- How does data move from here to there?
- Does this information get saved when the user dismissed the keyboard or only when they tap save?
- How much can we compress this photo before we upload it to the server?
- What are the basic data models for the app?
- What does the interface with the back-end server need to look like?
As we are iterating into more and more architectural detail we almost always encounter complex questions that we do not have answers to yet. As questions could mean that an important feature might not be possible, we then spin up a technical test to get a quick answer. These often mean building a very quick app that proves that we can perform a task a certain way. For example, we recently built an app where one kind of user can tip another kind of user for helping them with their knowledge of their local town. While we had implemented credit card transactions before, we’d never split proceeds between two parties before. So, we did a quick technical test. There is a considerable amount of value to be gained from well-defined and short technical tests that are not trying to build anything, but simply answer a question.
(Source: MetaNeer Labs, Inc.)
Back-end design and architecture is it’s own art and science that we will focus on in more detail in another post. We’ve seen a lot of companies waste a lot of time and money building complex back-ends that do not satisfy the needs of their client websites, native apps, and SDKs. Keep it simple here and avoid having too many moving parts in a Minimum Viable Product. Use tools like Parse (a free Back-end as a Service) to help you rapidly and inexpensively iterate towards the right back-end for your app.
After we have iterated on the architecture a few times, performed the critical technical tests, and designed the information architecture of the back-end, we need to translate everything into actionable steps for the developers. We want our developers to make as few design and architectural decisions are possible. We want to be in dumb-brain mode. So each development task gets its own task in Asana (our project management software). More on smart-brain versus dumb-brain here. Usually we end up with 3-500 tasks for a project. This is also an iterative process. We go through the feature lists, the original drawings, the design maps, and the architecture maps several times to make sure we’ve captured as much as possible in our task management software.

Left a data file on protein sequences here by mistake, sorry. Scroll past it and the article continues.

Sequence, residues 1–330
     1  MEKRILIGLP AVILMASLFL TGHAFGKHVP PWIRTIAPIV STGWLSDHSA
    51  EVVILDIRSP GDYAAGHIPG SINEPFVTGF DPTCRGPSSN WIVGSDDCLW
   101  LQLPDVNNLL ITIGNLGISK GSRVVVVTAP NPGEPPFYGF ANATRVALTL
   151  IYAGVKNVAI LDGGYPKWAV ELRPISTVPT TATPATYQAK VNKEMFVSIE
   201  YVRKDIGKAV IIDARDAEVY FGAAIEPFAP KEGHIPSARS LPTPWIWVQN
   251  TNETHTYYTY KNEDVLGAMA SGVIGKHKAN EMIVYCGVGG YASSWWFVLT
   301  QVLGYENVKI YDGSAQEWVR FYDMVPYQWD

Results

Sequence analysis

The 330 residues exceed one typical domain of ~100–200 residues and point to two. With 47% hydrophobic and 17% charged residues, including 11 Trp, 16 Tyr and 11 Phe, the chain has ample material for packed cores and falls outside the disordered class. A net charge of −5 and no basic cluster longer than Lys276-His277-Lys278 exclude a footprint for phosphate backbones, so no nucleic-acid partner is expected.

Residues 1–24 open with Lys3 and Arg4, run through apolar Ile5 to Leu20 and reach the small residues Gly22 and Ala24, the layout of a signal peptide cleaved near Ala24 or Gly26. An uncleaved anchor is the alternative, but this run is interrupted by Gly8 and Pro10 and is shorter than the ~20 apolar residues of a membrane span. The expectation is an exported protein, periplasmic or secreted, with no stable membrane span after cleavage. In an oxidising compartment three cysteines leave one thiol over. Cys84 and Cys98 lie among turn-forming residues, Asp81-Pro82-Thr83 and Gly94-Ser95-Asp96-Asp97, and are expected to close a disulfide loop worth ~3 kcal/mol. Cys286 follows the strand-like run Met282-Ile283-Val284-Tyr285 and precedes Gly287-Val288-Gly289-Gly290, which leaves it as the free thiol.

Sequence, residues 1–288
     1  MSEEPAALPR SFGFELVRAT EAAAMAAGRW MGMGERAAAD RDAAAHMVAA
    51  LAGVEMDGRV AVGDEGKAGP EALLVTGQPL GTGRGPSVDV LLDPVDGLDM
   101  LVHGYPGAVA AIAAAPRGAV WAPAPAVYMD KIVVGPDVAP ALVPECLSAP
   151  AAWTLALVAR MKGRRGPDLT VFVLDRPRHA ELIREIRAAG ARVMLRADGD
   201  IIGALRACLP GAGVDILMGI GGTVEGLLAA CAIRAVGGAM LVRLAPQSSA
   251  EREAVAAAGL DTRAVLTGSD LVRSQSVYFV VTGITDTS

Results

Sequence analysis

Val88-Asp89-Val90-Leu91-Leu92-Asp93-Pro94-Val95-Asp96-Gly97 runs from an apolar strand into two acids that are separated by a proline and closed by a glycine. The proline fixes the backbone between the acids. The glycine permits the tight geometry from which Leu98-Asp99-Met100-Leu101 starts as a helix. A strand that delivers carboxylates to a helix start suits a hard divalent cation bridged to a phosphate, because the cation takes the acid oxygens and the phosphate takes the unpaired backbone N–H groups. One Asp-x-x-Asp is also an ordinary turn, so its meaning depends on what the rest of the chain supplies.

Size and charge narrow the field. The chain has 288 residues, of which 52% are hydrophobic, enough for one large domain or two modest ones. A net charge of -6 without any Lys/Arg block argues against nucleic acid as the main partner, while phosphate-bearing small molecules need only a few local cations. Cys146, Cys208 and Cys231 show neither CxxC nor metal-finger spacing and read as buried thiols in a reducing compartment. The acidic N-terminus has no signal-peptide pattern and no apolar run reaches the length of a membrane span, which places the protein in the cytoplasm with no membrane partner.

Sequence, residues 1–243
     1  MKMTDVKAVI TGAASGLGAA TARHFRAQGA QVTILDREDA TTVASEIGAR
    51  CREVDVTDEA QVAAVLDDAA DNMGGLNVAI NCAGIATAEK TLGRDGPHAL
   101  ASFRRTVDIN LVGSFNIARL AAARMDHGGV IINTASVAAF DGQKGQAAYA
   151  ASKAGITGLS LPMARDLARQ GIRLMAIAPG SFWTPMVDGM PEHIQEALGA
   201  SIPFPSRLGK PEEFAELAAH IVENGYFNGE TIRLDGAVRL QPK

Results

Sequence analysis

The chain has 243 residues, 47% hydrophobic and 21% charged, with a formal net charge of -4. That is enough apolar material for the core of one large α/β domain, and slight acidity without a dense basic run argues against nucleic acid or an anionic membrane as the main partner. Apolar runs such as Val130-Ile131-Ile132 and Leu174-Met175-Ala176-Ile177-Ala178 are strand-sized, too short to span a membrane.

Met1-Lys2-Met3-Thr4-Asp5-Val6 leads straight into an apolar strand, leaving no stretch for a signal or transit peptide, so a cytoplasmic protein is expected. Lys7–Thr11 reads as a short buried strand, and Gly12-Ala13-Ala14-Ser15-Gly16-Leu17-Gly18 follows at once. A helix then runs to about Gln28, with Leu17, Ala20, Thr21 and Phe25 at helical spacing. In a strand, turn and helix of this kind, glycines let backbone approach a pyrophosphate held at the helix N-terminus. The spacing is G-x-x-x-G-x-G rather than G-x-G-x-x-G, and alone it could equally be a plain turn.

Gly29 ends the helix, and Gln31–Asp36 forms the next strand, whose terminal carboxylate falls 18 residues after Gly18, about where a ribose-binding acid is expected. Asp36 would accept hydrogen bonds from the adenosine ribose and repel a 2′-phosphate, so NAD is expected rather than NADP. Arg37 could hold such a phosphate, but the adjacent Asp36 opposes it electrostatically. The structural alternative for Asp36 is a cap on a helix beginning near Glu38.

We briefly set goals around when we want to deliver which must-have features and get everyone on the same page about priorities.
At this point we’re ready to set-up the Xcode project and begin development… but more on that next week.
Bottom Line: Every step in our process is iterative. Because of the speed at which we move, we have no choice but to spend spend the extra time and effort – up front – to try to identify and side-step all of the development pitfalls that we might fall into later and de-rail our project.
Developers, leave a note in the comments: how do you architect your apps?
Remember, this article is part of a series. Read the overview of How to Build a Mobile App in 7 Days and we’ll see you next week!